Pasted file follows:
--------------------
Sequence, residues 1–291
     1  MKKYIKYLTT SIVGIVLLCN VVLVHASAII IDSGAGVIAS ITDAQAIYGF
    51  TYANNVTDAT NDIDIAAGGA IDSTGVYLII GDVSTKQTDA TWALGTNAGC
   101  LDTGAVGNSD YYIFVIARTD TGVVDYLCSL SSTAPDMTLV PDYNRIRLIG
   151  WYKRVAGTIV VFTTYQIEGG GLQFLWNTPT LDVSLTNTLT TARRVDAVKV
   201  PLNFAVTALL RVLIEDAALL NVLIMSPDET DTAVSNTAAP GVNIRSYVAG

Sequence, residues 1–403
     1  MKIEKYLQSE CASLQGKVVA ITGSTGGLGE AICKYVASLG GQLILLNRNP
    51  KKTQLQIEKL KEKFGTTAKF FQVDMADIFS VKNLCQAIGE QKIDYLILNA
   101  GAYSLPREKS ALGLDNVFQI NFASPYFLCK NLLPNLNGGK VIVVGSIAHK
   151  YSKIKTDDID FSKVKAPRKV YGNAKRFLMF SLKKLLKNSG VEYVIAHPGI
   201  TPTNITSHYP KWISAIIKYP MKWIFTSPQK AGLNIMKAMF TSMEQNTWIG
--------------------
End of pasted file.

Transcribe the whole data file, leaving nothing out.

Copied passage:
Sequence, residues 1–291
     1  MKKYIKYLTT SIVGIVLLCN VVLVHASAII IDSGAGVIAS ITDAQAIYGF
    51  TYANNVTDAT NDIDIAAGGA IDSTGVYLII GDVSTKQTDA TWALGTNAGC
   101  LDTGAVGNSD YYIFVIARTD TGVVDYLCSL SSTAPDMTLV PDYNRIRLIG
   151  WYKRVAGTIV VFTTYQIEGG GLQFLWNTPT LDVSLTNTLT TARRVDAVKV
   201  PLNFAVTALL RVLIEDAALL NVLIMSPDET DTAVSNTAAP GVNIRSYVAG

Sequence, residues 1–403
     1  MKIEKYLQSE CASLQGKVVA ITGSTGGLGE AICKYVASLG GQLILLNRNP
    51  KKTQLQIEKL KEKFGTTAKF FQVDMADIFS VKNLCQAIGE QKIDYLILNA
   101  GAYSLPREKS ALGLDNVFQI NFASPYFLCK NLLPNLNGGK VIVVGSIAHK
   151  YSKIKTDDID FSKVKAPRKV YGNAKRFLMF SLKKLLKNSG VEYVIAHPGI
   201  TPTNITSHYP KWISAIIKYP MKWIFTSPQK AGLNIMKAMF TSMEQNTWIG